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Richard Hunt Receives Art Award From Chicago Public Library Foundation; Colson Whitehead, Rebecca Makkai Also Honored
“Richard Hunt has this amazing sculpture at the Carter G. Woodson Regional Library called ‘Jacob’s Ladder,'” Rica Estrada-Bouso, Chicago Public Library Foundation’s marketing director, tells the Tribune. “It’s an amazing focal point of the library. We recently had an arts award added to our lineup of honorees, expanding from literature, doing civic awards and arts awards. Obviously one of the foremost people we have is Richard Hunt, who has had sculptures all over the world and singularly made the most number of contributions in public art across America.”
Writes Darcel Rockett, “Eighty-seven years young, Hunt’s hands are a work of art. While the world is all about branding, Hunt is humble… ‘One of the things about being an artist is you can go your own way. Some people have a different approach to what they want to produce,'” Hunt says. “‘They don’t have the relationship to a plan where the sculpture relates to some environment. Me doing something for Emmett Till, that’s one thing of putting something together and having a relationship with the environment. It’s not just making a nice sculpture.'”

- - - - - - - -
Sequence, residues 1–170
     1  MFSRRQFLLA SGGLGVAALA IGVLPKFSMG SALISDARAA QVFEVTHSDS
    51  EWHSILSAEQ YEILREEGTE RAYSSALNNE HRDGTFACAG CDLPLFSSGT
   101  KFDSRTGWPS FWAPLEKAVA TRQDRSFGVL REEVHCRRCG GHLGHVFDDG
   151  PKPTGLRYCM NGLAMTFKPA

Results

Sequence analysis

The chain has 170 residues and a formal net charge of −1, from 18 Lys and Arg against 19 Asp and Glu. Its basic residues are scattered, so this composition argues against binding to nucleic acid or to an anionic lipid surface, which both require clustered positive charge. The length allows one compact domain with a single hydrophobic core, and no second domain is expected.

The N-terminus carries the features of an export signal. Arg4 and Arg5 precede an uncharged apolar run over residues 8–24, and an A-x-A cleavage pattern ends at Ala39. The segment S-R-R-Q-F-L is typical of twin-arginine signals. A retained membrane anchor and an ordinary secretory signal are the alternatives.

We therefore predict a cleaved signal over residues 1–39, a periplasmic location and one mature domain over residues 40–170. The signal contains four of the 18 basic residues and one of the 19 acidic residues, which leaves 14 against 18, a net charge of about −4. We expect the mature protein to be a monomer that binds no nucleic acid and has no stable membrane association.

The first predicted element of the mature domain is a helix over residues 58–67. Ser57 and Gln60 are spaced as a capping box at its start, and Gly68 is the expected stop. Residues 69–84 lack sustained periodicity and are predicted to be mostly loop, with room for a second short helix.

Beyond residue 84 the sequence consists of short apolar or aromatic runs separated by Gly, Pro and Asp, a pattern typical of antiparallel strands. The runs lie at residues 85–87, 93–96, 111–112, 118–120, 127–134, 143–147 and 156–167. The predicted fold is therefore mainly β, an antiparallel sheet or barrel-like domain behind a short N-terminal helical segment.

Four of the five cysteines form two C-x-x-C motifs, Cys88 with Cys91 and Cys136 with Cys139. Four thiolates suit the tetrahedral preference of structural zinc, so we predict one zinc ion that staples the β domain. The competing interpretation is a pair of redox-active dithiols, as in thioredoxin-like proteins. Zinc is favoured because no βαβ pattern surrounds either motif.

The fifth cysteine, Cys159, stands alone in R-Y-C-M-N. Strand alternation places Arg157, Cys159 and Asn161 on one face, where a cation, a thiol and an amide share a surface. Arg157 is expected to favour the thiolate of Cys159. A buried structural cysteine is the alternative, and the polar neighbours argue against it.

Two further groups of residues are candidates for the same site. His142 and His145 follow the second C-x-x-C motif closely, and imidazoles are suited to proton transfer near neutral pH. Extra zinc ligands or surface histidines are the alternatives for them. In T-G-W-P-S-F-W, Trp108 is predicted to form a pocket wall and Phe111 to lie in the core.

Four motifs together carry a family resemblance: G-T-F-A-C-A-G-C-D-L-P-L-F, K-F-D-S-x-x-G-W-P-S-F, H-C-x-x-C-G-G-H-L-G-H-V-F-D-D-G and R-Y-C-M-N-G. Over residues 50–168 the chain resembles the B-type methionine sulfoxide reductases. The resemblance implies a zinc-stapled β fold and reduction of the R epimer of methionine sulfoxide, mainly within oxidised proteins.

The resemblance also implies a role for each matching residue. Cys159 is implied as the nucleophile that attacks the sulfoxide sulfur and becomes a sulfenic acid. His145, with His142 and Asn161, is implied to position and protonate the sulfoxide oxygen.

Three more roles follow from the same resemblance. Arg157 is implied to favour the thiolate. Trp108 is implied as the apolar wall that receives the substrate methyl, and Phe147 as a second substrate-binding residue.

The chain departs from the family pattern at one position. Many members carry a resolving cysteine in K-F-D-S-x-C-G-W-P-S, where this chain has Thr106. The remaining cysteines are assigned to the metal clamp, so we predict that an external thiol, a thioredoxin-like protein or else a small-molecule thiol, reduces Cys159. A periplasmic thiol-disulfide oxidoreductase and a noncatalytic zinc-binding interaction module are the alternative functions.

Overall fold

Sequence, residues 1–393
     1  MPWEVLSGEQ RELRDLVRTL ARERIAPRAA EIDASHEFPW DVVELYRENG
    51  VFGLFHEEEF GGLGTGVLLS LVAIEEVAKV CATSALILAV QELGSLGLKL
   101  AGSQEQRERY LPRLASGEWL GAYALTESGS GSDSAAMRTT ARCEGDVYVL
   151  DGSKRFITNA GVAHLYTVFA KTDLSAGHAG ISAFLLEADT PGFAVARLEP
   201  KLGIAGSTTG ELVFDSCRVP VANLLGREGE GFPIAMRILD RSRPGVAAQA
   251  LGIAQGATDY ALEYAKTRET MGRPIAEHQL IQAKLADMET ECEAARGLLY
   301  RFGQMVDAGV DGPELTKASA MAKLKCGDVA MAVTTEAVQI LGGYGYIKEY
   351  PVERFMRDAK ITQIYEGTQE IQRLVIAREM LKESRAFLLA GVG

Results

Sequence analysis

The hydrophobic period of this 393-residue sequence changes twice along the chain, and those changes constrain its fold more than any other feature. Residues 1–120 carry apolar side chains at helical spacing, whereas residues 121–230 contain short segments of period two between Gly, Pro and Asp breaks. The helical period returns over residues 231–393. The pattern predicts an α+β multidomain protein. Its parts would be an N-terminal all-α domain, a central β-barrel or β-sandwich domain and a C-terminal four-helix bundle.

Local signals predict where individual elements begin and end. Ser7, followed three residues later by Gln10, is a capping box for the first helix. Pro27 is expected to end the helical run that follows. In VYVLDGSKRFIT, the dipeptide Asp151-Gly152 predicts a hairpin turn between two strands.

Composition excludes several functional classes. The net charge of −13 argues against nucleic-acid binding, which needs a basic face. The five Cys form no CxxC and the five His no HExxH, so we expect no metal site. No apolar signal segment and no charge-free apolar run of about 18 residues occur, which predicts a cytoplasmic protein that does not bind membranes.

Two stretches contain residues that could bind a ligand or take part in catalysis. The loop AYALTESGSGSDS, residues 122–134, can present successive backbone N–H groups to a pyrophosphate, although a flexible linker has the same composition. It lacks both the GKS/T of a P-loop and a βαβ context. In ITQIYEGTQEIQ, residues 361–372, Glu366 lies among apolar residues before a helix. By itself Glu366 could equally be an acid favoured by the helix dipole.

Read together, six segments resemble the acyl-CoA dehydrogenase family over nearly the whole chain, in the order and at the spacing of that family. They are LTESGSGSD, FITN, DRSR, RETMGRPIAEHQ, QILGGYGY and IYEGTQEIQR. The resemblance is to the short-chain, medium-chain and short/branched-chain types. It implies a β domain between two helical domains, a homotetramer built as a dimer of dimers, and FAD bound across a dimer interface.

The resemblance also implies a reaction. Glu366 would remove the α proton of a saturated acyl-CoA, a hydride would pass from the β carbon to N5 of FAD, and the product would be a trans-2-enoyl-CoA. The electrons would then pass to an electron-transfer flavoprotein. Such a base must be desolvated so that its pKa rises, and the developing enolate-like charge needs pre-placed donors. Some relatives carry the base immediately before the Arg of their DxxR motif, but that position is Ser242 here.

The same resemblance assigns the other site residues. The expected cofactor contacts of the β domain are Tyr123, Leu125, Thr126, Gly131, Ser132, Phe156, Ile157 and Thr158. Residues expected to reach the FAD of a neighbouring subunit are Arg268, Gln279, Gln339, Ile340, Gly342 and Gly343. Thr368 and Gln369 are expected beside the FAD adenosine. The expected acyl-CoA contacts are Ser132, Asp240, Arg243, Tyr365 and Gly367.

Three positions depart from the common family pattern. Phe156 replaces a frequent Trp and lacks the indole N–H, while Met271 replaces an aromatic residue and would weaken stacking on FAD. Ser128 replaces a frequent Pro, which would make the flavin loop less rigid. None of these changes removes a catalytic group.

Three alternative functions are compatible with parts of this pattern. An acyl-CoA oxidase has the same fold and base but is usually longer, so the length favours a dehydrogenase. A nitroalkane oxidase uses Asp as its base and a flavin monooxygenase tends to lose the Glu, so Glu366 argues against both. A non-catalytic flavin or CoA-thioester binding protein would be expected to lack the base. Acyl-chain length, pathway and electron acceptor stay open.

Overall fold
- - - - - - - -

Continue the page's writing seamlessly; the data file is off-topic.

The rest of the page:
The 2023 Chicago Public Library Foundation Awards are given at an October 24 ceremony and online on November 1, and include Colson Whitehead receiving the Carl Sandburg Literary Award and Rebecca Makkai getting the 21st Century Award. Details here.
Cranbook Names Deans
Cranbrook Educational Community announced that two deans have been appointed to senior leadership positions at Cranbrook Academy of Art. Lynn Tomaszewski has been named the Dean of Academic Affairs and Michael Stone-Richards has been named Dean of Programs and Partnerships. “As Dean of Academic Affairs, Tomaszewski will work with the senior leadership team to formulate, implement, and evaluate the academic policies and programs of the Academy. She will provide support to the Academy’s thirteen Artists-in-Residence/Department Heads while fostering an equitable and transparent student culture.